New House bill banning abortion is an unjust ruling for women everywhere

In Opinion

Courtesy of FlickrOn Jan. 22, 2015 the House of Representatives passed the No Taxpayer Funding for Abortion and Abortion Insurance Full Disclosure Act of 2015.

This bill prohibits any federal funds from being used for any health benefit coverage that includes abortions with the exception of terminating pregnancies that are the result of rape or incest or if the woman suffers from an injury, illness or physical disorder.

This kind of legislation attacks women’s health and it isn’t a new thing. It has been lurking around since 1976 as the Hyde Amendment, a provision that bans federal Medicaid funds for abortion except when the woman’s life is endangered by the pregnancy.

It’s an oppressive provision that’s gotten pinned onto annual bills every year since.

It’s ritualistic in a sense, like an annual pinning ceremony to commemorate paternalism and having control over what a woman does with her body

This bill further reinforces a woman’s role as an incubator and baby factory.  It’s hard not to feel that the government has once again reduced a valid medical procedure to a dirty, shameful thing that’s only necessary in traumatic circumstances where a woman is a damsel in distress.

Passing this bill affects all women negatively especially low income women who need medical coverage the most.

The Guttmacher Institute reports 58 percent of women who seek abortions are in their 20s, 61 percent have one or more children, 56 percent are unmarried and not cohabiting, 69 percent are economically disadvantaged and 73 percent report a religious affiliation as the reason.

This data reflects characteristics not uncommon for women seeking abortions: young, single and poor. These women are in a difficult situation where having a child would be a trying hardship they could never sustain.

And the reality is that sometimes that is the only choice. But that’s the keyword: choice. Women should be able to decide.

Being at a particularly low point in one’s life doesn’t mean a woman won’t able to rise up and succeed in the future. But she needs to be given that chance first.

What this bill’s passing really does is take away the opportunity for young women to improve the quality of life they grew up in.

Having a child is a lifelong commitment that requires a huge amount of sacrifice and financial resources. Taking away the medical coverage of this important procedure is taking away a critical choice from these young women.

It also puts lives at risk by making women resort to unsafe measures of abortion in times of desperation.

In the grand scheme of things, it continues the cycle of poverty by making it unlikely these women will be able to afford higher education for themselves and their unborn children.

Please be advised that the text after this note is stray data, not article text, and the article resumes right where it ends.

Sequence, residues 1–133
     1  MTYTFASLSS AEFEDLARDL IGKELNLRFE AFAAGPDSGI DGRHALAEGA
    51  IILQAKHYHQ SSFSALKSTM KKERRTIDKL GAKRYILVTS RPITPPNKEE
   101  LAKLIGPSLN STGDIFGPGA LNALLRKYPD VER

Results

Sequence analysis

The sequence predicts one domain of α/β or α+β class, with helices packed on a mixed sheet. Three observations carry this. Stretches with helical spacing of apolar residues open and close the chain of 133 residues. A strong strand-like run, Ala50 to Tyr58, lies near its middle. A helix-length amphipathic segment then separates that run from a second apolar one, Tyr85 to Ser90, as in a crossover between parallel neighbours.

Women who have bright futures ahead will not have a chance to better themselves. They will have to worry about earning enough to support not only themselves, but their child.

This will leave them no time to pursue a degree, accept a higher paying job that’s more demanding or time to emotionally mature in order to provide the nurture and care every child deserves.

Not giving women a choice will successfully ensure they permanently remain in a helpless position, for both themselves and their children.

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One commentOn New House bill banning abortion is an unjust ruling for women everywhere

  • While In a free and open society, all are entitled to their
    opinion, I disagree with this opinion piece because it completely ignores the “right
    to life” that is guaranteed in the Declaration of Independence, which most
    Americans believe is one of the key documents defining their worldview. Women
    deserve all the freedoms and opportunities that men have. Yet abortion,
    particularly in the later stages of a pregnancy, raise serious ethical
    questions beyond the simple question of a woman’s autonomy over her own body.
    Certainly, the “right to life” being fundamental to our understanding of
    freedom should apply to an unborn child, just as much as it applies to any
    other situation, since children hold the promise for the future. This of course
    does not mean that a woman should be forced to care for a child that she did
    not plan to bring up. Nevertheless, it does mean that every human being should
    have a right to come into the world; it is part of a complete vision of human
    rights. Over the past 40 years, the Hyde Amendment has in my view been a licit
    strategy by American officials to prevent a procedure that would violate the
    country’s understanding of liberty. Unwanted pregnancies are a problem for
    society, yet birth control that prevents impregnation in the first place is
    widely available in an attempt to prevent unplanned pregnancy, and should become even more widely available in the future. I want to note that I
    do not hold my opinion primarily for religious reasons; as a strong believer in
    liberty for all, regardless of position in life, it seems reasonable to protect an unborn child on human rights grounds.

    I am certainly grateful that my mother did not exercise her “rights” by
    aborting me, a sentiment I am sure all of us can relate to. We can also be glad that medical scientists that have created life-saving treatments, inventors that have created conveniences that better our lives and scientists that help us to better understand the world we live in were allowed to come into the world to impart their knowledge to humanity. We never know who the next Albert Einstein or Steve Jobs will be. We claim that “all lives matter” in numerous worthy movements, yet why cannot this extend to the lives of the unborn?

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